Diversity and inclusion have increasingly been part of the big companies program. Diversity, according to the dictionary meaning, is “the quality of what is diverse, different, varied”. The concept has to do with plurality, multiplicity, heterogeneity. A company that understood the importance of diversity is committing itself directly to the pluralistic society in the constitution of its staff and to customer service, respecting its individuality in an inclusive and diverse way in gender, race, age, ethnicity, disabilities, religion , sexual orientation, etc.
People with disabilities(PwDs) are those who have permanent limitations such as visual, hearing, physical or intellectual disabilities. According to Brazilian Institute of Geography and Statistics data, there are 45 million PwDs in the country. Although the diversity theme advances, still remains a poor accessibility. Brokers, reflecting society, face challenges in their client registration, without being clear about their investors who are PwDs and need accessibility resources.
Furthermore, many PwDs end up preferring to make their investments directly with an advisor, to whom they can talk about their needs and to be served. But, as content producer Ana Kelly Melo, who specializes in Culture and Engagement at XP Inc., told me, there are some positive movements towards to accessibility in the financial market – like XP Inc. itself.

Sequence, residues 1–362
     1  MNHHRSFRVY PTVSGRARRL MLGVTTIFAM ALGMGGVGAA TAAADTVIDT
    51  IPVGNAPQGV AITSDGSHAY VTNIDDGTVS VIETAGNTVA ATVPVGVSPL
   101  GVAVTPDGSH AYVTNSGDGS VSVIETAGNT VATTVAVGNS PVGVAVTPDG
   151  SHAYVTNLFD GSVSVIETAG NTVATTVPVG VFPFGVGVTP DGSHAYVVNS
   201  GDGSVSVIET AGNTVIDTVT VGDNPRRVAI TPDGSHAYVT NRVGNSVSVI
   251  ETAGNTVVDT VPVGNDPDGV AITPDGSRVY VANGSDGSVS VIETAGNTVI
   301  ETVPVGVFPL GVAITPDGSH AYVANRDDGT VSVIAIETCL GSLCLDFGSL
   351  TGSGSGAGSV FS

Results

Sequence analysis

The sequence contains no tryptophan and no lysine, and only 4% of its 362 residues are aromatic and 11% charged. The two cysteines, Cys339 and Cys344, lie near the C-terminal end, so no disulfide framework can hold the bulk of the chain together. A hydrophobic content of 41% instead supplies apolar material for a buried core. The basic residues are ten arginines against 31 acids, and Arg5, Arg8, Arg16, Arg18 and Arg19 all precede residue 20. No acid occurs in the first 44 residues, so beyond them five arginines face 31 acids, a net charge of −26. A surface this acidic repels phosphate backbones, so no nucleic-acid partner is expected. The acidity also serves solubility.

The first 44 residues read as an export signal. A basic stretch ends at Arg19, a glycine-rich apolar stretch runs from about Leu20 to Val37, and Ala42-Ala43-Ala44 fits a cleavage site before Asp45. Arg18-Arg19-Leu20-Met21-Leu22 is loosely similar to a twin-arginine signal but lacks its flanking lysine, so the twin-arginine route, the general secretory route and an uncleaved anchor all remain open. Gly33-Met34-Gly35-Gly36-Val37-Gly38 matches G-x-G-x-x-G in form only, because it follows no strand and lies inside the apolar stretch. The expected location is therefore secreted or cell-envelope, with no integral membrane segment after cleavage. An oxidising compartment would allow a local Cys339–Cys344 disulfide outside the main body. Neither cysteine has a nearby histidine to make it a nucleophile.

And the community is getting organized. Content producers, for example, are giving online courses on financial education in pounds or making videos with subtitles. Companies that open themselves to PwDs stand, for sure, to gain. “For us, having financial planning is extremely necessary, especially for those who need assistive technology, such as an orthopedic prosthesis – which is my case”, she said to me. “You need to understand how many years I want to live, how many years a device lasts and how many devices I will need in life.”
PwDs have to have enough money to buy the devices if they do not want to depend on SUS, the Brazil’s publicly health care system. In other words, PwDs need this long-term planning inherent to their needs, which proves that, when we open up, we transform and innovate both to diversify and to include.
When companies open up to diversity, the opportunities abound. Are we moving in that direction? Here is my special thanks to Ana Kelly Melo, who generously shared her points of view, expanding our knowledge about her PwD universe.